BEIJING – Foreign Minister Yang Jiechi on Thursday reiterated China’s approach on resolving territorial disputes in the South China Sea, insisting that bilateral negotiations were the only way forward.
Yang made the remarks while meeting Vietnamese Deputy Prime Minister and Foreign Minister Pham Gia Khiem on the sidelines of a series of Association of Southeast Asian Nations (ASEAN) related meetings on the Indonesian island of Bali.
Yang said the two countries should take bilateral ties and regional stability into consideration, solve maritime disputes through negotiations and avoid heating up the issue again.
Pham said Vietnam treasured its traditional ties with China and hoped to reach consensus with Beijing on the maritime dispute at an early date through peaceful negotiations.
On the same day, Yang and his ASEAN counterparts officially approved guidelines on conduct in the South China Sea, a sign of progress toward the peaceful solution to the issue.
The one-page document is intended to drive the process of making the 2002 Declaration of Conduct (DOC) in the South China Sea more concrete.
“This afternoon … the ministers of China and ASEAN countries formally endorsed the guidelines and also started implementation – fully and comprehensively – of the DOC,” Reuters quoted Assistant Foreign Minister Liu Zhenmin as saying.
“We are determined to increase our cooperation with ASEAN countries. We’re looking to the future, we have a bright future,” he said.
“We want to be a good friend, good partner and good neighbor with ASEAN countries.”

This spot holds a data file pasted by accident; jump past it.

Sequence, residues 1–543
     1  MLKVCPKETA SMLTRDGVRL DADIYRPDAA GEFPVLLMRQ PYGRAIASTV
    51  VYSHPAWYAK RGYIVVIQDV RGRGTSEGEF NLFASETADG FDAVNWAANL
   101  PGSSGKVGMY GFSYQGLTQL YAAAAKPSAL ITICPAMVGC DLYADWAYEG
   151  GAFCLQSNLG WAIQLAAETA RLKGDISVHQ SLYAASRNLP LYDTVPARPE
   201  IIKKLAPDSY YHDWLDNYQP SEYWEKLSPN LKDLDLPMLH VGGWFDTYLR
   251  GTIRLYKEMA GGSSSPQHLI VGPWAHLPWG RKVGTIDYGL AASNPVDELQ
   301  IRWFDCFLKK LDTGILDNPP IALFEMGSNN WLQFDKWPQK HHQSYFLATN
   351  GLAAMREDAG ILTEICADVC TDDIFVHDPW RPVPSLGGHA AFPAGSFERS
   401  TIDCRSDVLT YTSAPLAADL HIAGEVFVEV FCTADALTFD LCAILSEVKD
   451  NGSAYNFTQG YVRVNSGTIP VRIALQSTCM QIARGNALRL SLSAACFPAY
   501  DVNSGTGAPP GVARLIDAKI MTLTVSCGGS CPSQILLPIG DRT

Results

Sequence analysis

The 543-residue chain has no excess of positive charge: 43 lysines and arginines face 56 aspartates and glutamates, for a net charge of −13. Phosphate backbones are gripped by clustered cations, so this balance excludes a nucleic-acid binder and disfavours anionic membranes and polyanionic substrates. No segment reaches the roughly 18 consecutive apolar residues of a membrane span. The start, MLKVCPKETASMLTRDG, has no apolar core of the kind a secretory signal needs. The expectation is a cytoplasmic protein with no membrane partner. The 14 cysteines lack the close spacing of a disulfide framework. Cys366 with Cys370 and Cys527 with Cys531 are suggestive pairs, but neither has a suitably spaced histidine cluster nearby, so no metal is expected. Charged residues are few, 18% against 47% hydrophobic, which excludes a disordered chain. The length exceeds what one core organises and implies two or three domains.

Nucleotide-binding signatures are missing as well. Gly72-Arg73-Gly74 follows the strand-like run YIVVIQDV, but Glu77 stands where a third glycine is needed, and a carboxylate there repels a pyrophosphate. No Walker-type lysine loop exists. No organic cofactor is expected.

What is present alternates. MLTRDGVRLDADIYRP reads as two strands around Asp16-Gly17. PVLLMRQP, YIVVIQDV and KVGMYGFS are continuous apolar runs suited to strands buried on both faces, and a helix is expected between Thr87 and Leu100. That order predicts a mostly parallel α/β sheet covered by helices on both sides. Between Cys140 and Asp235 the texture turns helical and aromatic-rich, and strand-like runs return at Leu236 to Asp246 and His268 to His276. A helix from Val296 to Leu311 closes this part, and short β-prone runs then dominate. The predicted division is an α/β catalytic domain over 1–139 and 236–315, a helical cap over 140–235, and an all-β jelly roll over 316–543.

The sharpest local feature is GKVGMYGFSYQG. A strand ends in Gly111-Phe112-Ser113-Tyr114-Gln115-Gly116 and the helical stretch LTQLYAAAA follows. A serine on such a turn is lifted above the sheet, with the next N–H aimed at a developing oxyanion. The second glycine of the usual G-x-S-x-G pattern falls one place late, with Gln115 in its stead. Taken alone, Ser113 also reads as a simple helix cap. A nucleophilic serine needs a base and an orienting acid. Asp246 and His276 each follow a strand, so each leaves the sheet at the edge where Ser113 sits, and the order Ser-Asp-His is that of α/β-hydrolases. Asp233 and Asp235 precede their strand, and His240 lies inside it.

Yang told his Vietnamese counterpart that China highly appreciates the agreement reached by senior officials from China and ASEAN nations on the guidelines of the DOC and called on all sides to take substantive measures to promote practical maritime cooperation.
China has repeatedly stated its indisputable sovereignty over the South China Sea islands and their surrounding waters.
There was no dissension from any country over China’s sovereignty of the area until the 1970s, when nations including Vietnam and the Philippines made claims.
In late May, the Vietnamese Ministry of Defense reported that a Chinese patrol boat slashed a submerged cable of an oil and gas survey ship operated by PetroVietnam, Vietnam’s state energy company.
A similar incident occurred two weeks later when a Chinese patrol boat cut the cables of a Vietnamese ship conducting seismic surveys off its southern coast, Vietnam’s Foreign Ministry reported.
China has denied the accusation, saying “the law enforcement activities by Chinese maritime surveillance ships against Vietnam’s illegally operating ships are completely justified”.
Also on Thursday, Yang met his counterpart Kim Sung-hwan from the Republic of Korea. They discussed inter-Korean relations and the resumption of the Six-Party Talks aimed at ending the nuclear program of the Democratic People’s Republic of Korea.
Source: China Daily